Academic journal article The California School Psychologist

Using Curriculum-Derived Progress Monitoring Data as Part of a Response-to-Intervention Strategy: A Case Study

Academic journal article The California School Psychologist

Using Curriculum-Derived Progress Monitoring Data as Part of a Response-to-Intervention Strategy: A Case Study

Article excerpt

The revissa Individuals with Disabilities Education Improvement Act (2004) and subsequent Federal Regulations promote the use of alternative process of identifying students with specific learning disabilities based on how well a student responds to researched-based interventions. As these strategies are implemented, school psychologists have the opportunity to expand their roles and to assume leadership positions in implementing a response-to-intervention (RtI) model. A central element of all RtI approaches is the universal monitoring of students' academic progress. As part of a general effort to implement a data-driven system, multiple sources of information may be used. This article contributes to these efforts by presenting a case study demonstrating how a school psychologist took the first steps to implement a low-cost, continuous progress monitoring procedure in one urban school. This was accomplished by using data readily available at the school site (reading probes included with the district reading curriculum) to develop a systematic way to monitor progress by creating local school norms and using existing reading benchmarks.

Every year school psychologists in the U.S. conduct approximately 816,000 initial evaluations as part of the process to determine eligibility for special education for students suspected of having a specific learning disability (Federal Register, 2005). This would not be surprising to most school psychologists, because assessing students for special education is one of their primary job duties. School psychologists report that typically half of their day is spent on tasks related to individual assessment, such as administering intelligence tests (Reschly & Ysseldyke, 2002). For over 25 years, since the passage of the Education for All Handicapped Children Act of 1975 (RL. 94-142), school psychologists have been key participants in the multidisciplinary teams that identify students with learning disabilities, primarily using a model based on finding a discrepancy between IQ and achievement (Fuchs, Mock, Morgan, & Young, 2003; Lyon et al., 2001; Vaughn & Fuchs, 2003). However, due to recent changes in federal law, school psychologists may no longer use as much of their time administering intelligence tests. On December 3, 2004 the Individuals with Disabilities Education Improvement Act (IDEIA) was signed into law as Public Law 108-446. The new law allows alternative procedures for evaluating students suspected of having Specific Learning Disabilities. States are no longer required to use a discrepancy between intellectual abilities and achievement as part of the LD eligibility process. States now "...must permit a process that examines whether the child responds to scientific, research-based interventions as part of the evaluation procedures" (Federal Register, p. 35802).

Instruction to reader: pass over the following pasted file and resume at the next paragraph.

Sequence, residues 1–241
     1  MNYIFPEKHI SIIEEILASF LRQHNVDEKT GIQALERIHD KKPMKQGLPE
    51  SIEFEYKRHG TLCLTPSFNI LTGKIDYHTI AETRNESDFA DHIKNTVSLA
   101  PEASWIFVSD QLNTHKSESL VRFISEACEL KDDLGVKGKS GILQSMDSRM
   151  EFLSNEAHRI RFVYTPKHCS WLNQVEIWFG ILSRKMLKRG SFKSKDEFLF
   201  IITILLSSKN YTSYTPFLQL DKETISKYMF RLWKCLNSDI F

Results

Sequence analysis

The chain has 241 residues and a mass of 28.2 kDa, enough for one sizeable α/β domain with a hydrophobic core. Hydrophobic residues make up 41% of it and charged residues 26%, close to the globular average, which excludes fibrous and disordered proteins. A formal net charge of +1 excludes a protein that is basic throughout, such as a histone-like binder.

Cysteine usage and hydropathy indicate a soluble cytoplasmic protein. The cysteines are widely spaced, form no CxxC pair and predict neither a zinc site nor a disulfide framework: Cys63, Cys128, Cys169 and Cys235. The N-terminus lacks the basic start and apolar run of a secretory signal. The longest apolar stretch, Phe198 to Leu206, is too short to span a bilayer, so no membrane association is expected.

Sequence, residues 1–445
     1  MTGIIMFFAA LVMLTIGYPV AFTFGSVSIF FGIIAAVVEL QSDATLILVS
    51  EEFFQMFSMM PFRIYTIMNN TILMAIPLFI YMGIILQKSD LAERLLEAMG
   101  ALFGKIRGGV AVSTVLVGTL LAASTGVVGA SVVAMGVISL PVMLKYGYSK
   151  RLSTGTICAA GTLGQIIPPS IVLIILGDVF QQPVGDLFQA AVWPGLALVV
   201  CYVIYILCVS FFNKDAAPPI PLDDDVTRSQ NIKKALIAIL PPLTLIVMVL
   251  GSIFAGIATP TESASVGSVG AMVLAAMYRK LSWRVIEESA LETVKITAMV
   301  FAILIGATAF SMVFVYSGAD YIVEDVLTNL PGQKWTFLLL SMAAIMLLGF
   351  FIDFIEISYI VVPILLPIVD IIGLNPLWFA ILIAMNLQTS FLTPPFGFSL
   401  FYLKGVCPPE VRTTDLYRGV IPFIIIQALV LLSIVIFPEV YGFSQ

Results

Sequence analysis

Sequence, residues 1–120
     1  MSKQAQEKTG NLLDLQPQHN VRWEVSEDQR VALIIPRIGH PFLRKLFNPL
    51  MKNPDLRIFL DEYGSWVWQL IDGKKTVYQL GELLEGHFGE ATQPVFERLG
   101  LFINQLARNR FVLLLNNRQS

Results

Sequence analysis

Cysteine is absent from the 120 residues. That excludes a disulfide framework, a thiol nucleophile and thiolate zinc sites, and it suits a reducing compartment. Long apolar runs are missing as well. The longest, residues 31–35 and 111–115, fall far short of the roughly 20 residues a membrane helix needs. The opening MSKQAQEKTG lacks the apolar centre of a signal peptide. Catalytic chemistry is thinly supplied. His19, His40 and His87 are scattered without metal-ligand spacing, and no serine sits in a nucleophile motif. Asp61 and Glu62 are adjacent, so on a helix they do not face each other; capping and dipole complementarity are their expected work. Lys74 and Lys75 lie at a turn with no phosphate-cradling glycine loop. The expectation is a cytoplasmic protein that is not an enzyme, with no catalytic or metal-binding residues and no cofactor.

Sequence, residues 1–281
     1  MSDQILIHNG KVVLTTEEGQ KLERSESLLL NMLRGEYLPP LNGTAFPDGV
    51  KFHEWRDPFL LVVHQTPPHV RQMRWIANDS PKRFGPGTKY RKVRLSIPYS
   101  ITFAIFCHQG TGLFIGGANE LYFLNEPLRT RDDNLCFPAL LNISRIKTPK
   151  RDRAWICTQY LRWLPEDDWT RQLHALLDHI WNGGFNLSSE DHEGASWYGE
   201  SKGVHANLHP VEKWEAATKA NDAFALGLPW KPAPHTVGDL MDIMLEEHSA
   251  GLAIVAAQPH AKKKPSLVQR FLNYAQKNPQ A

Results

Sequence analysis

This change in federal law was expected. For the past few years several influential groups such as the National Association of School Psychologists, the Office of Special Education Program in the U. S. Department of Education, and the National Center of Learning Disabilities have expressed concerns about the continued use of an IQ-Achievement discrepancy model for diagnosing learning disabilities, and instead have proposed a model that is known as response-to-intervention (RtI; Fuchs et al., 2003; Jimerson, Burns, & VanDerHeyden, in press; Lyon et al., 2001). With the recent release of the new Federal Regulations, school psychologists and other educators now await guidance from their educational agencies on the practical questions regarding how RtI will be implemented at state and local levels. Of added interest is how the implementation of RtI approaches will affect the future expectations and practices of school psychologists and the individual education assessment planning process. In looking at school districts that have been at the forefront of embracing RtI, some trends are emerging. In both the Iowa Heartland Area Education Agency and the Minneapolis Public Schools, the amount of time school psychologists spend assessing students for special education eligibility declined significantly, while the amount of time school psychologists spent in consultation increased dramatically (Shinn, 2002). …

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